“In order to win this struggle, we have to go to the constituents of the Congress,” said Gore. “Just laying the facts on the table and playing an inside-the-Beltway game is not going to do it on this issue. We have to win the feelings and opinions of voters in the country as a whole … We have to go to the grassroots.”
As for legislators who are not yet on board, he said, “The only way they’re going to face down the special interests is if they hear from their constituents that this is the right thing to do.”
And Gore is making sure they will hear from their constituents.
The Climate Project and its partner organization, the Alliance for Climate Protection, are now “multi-hundred-million-dollar” campaigns “aimed at getting the facts before the people,” he said. Gore formed both groups in 2006, but until now their work has been largely separate. The Climate Project and its 1,200 slideshow presenters have focused on educating the public, while the Alliance for Climate Protection has concentrated on major advertising campaigns.
The two groups are now entering a new phase with a more coordinated, campaign-like focus of generating nationwide grassroots support for a climate bill. Since the beginning of this year, the Alliance has grown from 20 staffers to 120, working not just in Washington, D.C., but in key congressional districts across the country. Together, the two groups are using slideshow presentations, action alerts to supporters, and radio, print, and television ads to help get a climate bill passed. (We’ll have more on their efforts soon.)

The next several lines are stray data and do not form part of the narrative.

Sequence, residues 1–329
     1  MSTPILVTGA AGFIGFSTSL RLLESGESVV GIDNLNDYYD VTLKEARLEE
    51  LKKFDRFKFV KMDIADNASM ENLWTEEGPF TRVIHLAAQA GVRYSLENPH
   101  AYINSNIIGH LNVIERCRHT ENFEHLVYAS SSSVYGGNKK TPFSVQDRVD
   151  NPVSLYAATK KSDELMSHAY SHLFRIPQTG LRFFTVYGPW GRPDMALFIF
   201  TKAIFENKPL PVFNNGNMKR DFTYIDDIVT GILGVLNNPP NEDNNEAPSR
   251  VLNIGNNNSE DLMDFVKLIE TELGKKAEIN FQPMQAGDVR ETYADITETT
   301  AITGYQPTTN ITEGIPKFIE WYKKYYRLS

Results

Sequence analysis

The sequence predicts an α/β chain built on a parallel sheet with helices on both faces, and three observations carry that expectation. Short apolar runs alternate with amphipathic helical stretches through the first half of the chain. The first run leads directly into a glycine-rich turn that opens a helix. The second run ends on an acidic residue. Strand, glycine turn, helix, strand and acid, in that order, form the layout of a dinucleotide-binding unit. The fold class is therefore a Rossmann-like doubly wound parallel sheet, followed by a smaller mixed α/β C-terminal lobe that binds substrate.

“We have a big ally: reality,” said Gore. “But that doesn’t always determine the outcome unless you have a focused message.”
Gore’s two groups are also cooperating with other environmental organizations to make sure activists are targeting lawmakers, and they’re working with allies in the labor and religious communities. “We’re coordinating our work effort in a way that I’ve never seen before in the environmental movement,” he said.
The eventual goal of the Alliance for Climate Protection, according to Gore, is to put itself out of business by the end of 2009. If the U.S. passes a strong climate bill and Copenhagen produces a strong climate treaty, the group will dissolve and redirect its resources in new ways, Gore said. “We’re a time-limited organization, have been from the start,” said Gore.
“Our goal is to get the country and the world past the tipping point beyond which the majority say, ‘OK, we’re going to do this.'”